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Landrieu Dishes Food Truck Compromise
Updated 3:55 p.m.
After vetoing a proposed food truck ordinance, Mayor Mitch has released a revised proposal of a pilot program that expand mobile meal opportunities in the Crescent City. The changes come after a yearlong debate on the issue, and are designed to streamline business operations for street vendors, especially those on wheels. Food truck operators were involved in drafting the new legislation, and are onboard with the changes, according to a food truck operator who has been involved with the process since the beginning.
Council Vice President Stacy Head championed the movement to increase permitting, decrease regulations, and revise guidelines for food truck operators. Head and District B Councilmember LaToya Cantrell authored the new legislation on behalf of the city.
In keeping with her vote in favor of the initial food truck ordinance that was eventually vetoed, Cantrell seems to have come on board after expressing concerns over proximity to other restaurants, restroom and sanitation accommodations, and insurance issues in a previous City Council meeting.
Similar to the vetoed changes, the new proposal ups permit limits by 100, and retains the zoning map of approved locations for food trucks to hawk their goods. Under the legislation, four-wheeled fare will be able to set up in parts of the Biomedical District, the Treme, and the CBD. However, Frenchmen Street and the CBD between Poydras and Howard are still off limits.
In the initial legislation, there was substantial debate over the distance a food truck should be allowed to operate from a stationary restaurant. Originally, the Council proposed 100 feet. According to the City's release, that provision caused the veto, and has been eliminated because it is "unconstitutional."
Food truck operators opposed the requirement because it gave them less freedom to operate, and the move was primarily championed by brick-and-mortar restaurant owners. Rachel Billow, who runs La Cocinita Food Truck and has been working with officials on the legislation as a member of the New Orleans Food Truck Coalition, said the veto ended up beng a "blessing in disguise."
"It turned out to work in our favor because now they're eliminating that proximity restriction entirely," she said Friday.
With new protections in place, food trucks will be able to apply to operate in areas currently banned to mobile restos if such neighborhoods qualify as “food deserts.”
The new legislation also contains a provision where food truck operators will have the chance obtain a permit to set up in certain areas. The mobile restarauants can apply for permits to post up at locations like the soutbound side of N. Rampart between Esplanade and Canal Street, as well as on Elk/Loyola between Cleveland and Howard. In those spots, No Parking signs would be posted and the spots would be reserved for whichever food truck pays the City for the permit.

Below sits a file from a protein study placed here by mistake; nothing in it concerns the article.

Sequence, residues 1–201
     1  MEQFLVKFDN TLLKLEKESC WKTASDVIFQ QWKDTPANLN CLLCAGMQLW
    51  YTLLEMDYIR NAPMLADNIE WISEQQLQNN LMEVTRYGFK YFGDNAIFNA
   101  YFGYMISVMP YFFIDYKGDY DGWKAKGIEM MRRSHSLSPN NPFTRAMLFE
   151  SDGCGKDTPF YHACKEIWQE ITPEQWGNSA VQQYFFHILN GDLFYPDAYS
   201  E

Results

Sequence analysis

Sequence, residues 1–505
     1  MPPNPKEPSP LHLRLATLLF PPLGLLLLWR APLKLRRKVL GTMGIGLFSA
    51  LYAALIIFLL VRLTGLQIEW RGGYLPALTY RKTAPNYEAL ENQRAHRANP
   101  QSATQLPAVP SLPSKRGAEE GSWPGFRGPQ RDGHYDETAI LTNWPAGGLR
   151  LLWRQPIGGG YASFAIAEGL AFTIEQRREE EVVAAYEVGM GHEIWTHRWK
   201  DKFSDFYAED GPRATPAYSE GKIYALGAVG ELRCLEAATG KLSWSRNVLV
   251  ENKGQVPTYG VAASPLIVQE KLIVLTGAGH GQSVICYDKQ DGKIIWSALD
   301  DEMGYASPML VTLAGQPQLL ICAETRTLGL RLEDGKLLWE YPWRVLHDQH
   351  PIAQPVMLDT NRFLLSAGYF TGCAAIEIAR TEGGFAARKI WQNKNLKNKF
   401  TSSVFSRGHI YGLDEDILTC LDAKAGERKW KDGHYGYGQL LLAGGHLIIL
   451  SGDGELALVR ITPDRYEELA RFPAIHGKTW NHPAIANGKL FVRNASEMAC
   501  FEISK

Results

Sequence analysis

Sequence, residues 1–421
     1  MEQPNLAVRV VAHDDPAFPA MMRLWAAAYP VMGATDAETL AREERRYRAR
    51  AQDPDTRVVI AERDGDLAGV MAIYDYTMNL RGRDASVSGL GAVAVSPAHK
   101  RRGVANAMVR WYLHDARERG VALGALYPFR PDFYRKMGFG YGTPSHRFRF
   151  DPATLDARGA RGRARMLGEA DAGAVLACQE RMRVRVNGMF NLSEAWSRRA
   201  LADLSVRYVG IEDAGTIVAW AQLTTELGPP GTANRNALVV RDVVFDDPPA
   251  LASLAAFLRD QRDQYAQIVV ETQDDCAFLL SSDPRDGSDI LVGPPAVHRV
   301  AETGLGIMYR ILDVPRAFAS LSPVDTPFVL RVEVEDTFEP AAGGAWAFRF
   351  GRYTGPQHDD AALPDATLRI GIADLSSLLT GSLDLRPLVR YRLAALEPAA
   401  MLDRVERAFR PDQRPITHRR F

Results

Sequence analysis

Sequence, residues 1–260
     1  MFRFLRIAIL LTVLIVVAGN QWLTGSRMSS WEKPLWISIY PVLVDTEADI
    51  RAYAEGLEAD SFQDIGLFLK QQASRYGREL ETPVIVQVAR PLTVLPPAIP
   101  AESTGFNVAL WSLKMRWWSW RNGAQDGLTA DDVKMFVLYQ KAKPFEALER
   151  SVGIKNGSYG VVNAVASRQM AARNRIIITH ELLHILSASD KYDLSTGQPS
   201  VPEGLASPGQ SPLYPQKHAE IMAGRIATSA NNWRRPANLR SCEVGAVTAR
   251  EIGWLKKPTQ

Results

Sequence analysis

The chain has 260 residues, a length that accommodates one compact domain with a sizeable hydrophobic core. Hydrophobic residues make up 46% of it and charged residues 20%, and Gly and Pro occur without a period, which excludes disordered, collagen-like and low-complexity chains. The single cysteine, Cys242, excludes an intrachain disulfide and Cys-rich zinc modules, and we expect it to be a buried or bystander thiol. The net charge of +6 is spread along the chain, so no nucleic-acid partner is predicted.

"Essentially you're renting the spot from the city," Billow said. "So a lot of those complaints about us not paying rent get addressed by the idea that we're paying for that parking spot."
Some areas would be subject to “franchise agreements,” essentially permission from the Department of Public Works. Food truck operators must apply for specific locations on specific days, and the DPW will authorize issue recommendations to City Council based on traffic analysis.
The latest proposal also eliminates a hastily-agreed upon requirement that sprang up during the marathon City Council meeting that produced the eventual vote on the first piece of food truck legislation. The legislation eliminates a requirement that says food trucks must park within 200 ft. of a bathroom. Billow called that provision "overkill" since the issue was over a proximity to sinks, and food trucks are required by the state to have wash stations onboard.
Landrieu ensures food truck advocates that the proposal will expand the mobile market. "Working with the Council and all stakeholders involved, I am confident that these new revisions will put current mobile food vendors on a level playing field and provide opportunities for more investment,” said Landrieu in a statement.
The ordinance expands to all mobile food vendors, not just the trucks. Stationary vendors, ice cream vendors, and foot, pushcart, and animal-drawn businesses are all included.
Despite the veto, Billow said the Landrieu administration worked with the food trucks on the revised legislation. The mayor's administration has also talked to City Council members ahead of time to assuage any potential concerns, Billow said. The food truck operator said she is glad that the process has been collaborative, even if messy. That will help New Orleans avoid restaurant-food truck battles that have taken place in other cities, she said.
"Instead of fighting the politicians we're working with them," she said.
The new proposal will go before the City Council next week.
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